14 UMBERTO ECO UM (=hesitant utterance) + BERT[O]E (=reluctant king, i.e. George VI, known affectionately as Bertie; “one (=I)having abdicated for love (=O) means the “i” is dropped and an “o” takes its place) + C<olin> (“Colin’s first” means first letter only) + O (=Oscar, the code word for the letter “o” in radio communication)
17 SPOROCARP *(SCRAP POOR); “misshapen” is the anagram indicator; according to Chambers, a sporocarp is “a structure containing the sori and sporangia in aquatic ferns”, hence “branch”.
18 LICENSEE LICE (=insects) + NSEE (SEEN = noticed; “finally creeping up” means the last letter appears earlier in the word); the cleverly hidden definition is host, i.e. of a public house, publican.
19 HOME TEAM HOME (=my City, i.e. the place I call home) + SIDE (=team); the definition is “hosts”, e.g. in football, the opposite of visitors, away team.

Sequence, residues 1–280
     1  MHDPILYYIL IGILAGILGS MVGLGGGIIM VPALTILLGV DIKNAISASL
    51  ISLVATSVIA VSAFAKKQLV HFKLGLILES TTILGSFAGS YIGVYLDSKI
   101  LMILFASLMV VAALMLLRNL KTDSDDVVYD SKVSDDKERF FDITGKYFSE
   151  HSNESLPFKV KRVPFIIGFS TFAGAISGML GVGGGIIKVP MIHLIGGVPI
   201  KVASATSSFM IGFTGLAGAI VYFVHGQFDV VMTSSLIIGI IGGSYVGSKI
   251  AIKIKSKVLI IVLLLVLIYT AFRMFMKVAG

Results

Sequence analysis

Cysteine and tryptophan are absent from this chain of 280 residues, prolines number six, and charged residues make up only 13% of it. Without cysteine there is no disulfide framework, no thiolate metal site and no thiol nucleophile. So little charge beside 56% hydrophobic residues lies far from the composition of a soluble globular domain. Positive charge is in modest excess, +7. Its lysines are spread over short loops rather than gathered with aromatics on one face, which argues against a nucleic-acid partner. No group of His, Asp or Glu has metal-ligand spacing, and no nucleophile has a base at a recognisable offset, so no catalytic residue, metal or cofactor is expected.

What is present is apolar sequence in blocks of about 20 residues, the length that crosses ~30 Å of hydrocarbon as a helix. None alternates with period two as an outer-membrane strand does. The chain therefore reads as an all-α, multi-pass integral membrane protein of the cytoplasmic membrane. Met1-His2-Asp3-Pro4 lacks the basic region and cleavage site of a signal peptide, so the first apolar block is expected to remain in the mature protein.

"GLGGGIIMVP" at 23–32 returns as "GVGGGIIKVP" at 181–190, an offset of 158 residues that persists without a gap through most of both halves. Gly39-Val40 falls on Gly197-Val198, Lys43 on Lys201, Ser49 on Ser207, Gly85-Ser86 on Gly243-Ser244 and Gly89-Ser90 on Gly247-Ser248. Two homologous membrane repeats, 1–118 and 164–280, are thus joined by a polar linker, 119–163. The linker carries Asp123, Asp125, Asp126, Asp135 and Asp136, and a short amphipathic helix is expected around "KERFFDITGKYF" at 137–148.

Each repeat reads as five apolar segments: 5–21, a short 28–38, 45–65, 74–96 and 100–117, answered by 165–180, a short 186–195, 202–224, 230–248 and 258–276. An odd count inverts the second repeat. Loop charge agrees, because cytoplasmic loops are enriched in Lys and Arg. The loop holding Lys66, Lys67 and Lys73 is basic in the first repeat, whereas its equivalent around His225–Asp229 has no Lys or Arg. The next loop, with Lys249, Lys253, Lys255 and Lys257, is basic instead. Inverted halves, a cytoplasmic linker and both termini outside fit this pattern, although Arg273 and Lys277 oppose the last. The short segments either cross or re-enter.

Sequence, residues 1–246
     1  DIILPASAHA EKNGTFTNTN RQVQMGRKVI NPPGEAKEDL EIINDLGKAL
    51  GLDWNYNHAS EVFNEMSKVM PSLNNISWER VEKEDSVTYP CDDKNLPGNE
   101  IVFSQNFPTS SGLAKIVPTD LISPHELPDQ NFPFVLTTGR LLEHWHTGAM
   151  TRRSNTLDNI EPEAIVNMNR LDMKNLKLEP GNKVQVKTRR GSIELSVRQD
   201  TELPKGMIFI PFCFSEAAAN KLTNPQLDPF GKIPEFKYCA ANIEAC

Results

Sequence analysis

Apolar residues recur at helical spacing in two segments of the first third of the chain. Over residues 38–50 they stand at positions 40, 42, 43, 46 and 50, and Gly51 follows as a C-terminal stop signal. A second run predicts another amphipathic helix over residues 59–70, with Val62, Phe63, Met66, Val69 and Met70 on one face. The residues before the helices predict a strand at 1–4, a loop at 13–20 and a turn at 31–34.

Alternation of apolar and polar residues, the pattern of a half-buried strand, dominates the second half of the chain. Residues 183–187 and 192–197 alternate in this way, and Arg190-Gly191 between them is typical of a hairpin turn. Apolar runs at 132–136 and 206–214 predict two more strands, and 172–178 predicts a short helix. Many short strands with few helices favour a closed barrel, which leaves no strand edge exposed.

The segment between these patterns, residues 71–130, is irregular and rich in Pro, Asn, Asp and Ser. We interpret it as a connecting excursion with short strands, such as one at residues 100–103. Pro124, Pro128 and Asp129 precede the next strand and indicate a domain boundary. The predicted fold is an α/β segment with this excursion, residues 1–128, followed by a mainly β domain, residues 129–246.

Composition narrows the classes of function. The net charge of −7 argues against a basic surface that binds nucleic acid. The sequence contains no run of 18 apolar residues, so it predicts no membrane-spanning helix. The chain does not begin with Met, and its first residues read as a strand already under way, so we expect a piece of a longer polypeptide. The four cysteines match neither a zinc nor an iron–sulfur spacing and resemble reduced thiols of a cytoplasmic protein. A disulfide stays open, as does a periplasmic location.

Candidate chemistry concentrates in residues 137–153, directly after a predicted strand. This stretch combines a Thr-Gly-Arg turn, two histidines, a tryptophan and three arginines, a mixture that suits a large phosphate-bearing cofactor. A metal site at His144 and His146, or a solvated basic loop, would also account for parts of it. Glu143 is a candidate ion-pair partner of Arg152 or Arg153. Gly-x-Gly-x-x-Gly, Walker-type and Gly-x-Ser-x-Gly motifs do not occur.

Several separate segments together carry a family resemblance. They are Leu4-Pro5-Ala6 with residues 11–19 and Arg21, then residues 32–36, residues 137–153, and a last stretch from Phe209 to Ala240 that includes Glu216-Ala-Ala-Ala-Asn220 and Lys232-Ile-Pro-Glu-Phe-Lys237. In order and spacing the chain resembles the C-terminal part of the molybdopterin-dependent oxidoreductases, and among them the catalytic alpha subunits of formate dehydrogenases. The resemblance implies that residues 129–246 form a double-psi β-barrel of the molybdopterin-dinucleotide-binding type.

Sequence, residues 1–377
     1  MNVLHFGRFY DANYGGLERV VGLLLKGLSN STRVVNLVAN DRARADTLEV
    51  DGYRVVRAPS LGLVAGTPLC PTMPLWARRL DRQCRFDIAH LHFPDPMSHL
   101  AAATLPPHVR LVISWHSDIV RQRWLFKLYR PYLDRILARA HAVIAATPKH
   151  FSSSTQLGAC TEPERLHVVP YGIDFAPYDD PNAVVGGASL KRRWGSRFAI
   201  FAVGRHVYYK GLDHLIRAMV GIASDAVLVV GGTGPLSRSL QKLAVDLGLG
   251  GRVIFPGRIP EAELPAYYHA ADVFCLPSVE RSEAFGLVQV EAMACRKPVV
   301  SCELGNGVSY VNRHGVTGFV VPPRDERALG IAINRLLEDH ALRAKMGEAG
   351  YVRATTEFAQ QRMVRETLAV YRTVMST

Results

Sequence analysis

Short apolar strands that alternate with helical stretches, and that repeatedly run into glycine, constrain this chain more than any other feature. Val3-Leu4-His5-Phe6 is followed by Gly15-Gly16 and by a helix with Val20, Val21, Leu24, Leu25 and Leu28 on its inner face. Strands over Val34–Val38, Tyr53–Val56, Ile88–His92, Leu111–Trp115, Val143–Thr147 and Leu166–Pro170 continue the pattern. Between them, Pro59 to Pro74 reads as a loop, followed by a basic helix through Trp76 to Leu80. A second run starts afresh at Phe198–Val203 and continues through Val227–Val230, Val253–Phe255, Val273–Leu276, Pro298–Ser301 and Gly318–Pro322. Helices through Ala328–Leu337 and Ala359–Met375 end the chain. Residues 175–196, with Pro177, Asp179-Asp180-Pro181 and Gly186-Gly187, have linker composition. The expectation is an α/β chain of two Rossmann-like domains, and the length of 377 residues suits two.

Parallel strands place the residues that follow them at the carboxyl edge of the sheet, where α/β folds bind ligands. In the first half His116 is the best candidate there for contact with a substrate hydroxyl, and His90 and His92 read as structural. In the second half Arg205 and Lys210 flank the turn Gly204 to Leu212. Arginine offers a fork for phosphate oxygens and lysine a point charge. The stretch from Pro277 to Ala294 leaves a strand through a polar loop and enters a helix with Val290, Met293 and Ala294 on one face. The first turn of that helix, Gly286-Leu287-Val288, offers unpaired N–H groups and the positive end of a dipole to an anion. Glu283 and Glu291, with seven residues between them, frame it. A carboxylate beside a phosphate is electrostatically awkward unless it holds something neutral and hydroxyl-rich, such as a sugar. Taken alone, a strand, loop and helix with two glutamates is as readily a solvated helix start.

22 DAMASK DAM (=mother) + ASK (=need)
23 PEACE Homophone of “piece” (=money), as in a 50p piece, pieces of eight.
25 TUDOR D<ynasty> (“Dynasty originally” means the first letter only) in ROUT (=overwhelming defeat; “revolutionary” indicates a reversal)
27 EBRO *(BORE); “turbulent” is the anagram indicator.

16 Responses to “Independent 7,654 / Mordred”

  1. walruss says:

    Yes – hard!! But some very nice touches, with UMBERTO ECO, who wrote the wonderful NAME OF THE ROSE, a favourite. Maybe a few too many tough words though.

  2. nmsindy says:

    I had ROCK for 3 down, and looking at the Indy website, that seems to be right. I think it refers to drug and sweet (eg seaside rock).

  3. RatkojaRiku says:

    Thanks, nmsindy – I have changed 3 accordingly; in all honesty, I don’t think I would ever have arrived at that answer on my own, although I knew that what I’d come up with was rather tenuous.